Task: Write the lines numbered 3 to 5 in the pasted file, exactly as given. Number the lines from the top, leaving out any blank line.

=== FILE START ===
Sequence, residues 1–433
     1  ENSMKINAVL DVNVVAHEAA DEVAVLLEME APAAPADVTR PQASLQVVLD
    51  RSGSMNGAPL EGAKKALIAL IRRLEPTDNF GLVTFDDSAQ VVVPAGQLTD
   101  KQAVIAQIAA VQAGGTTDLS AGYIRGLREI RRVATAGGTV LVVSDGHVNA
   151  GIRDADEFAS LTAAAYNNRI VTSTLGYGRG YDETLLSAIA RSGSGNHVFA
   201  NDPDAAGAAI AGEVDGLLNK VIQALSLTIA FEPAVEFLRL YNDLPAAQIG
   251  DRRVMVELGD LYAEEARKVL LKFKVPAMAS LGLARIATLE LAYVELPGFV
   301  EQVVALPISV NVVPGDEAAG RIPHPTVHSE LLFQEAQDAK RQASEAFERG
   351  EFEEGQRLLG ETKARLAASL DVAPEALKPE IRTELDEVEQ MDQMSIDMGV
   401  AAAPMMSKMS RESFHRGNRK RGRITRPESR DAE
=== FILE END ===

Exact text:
    51  RSGSMNGAPL EGAKKALIAL IRRLEPTDNF GLVTFDDSAQ VVVPAGQLTD
   101  KQAVIAQIAA VQAGGTTDLS AGYIRGLREI RRVATAGGTV LVVSDGHVNA
   151  GIRDADEFAS LTAAAYNNRI VTSTLGYGRG YDETLLSAIA RSGSGNHVFA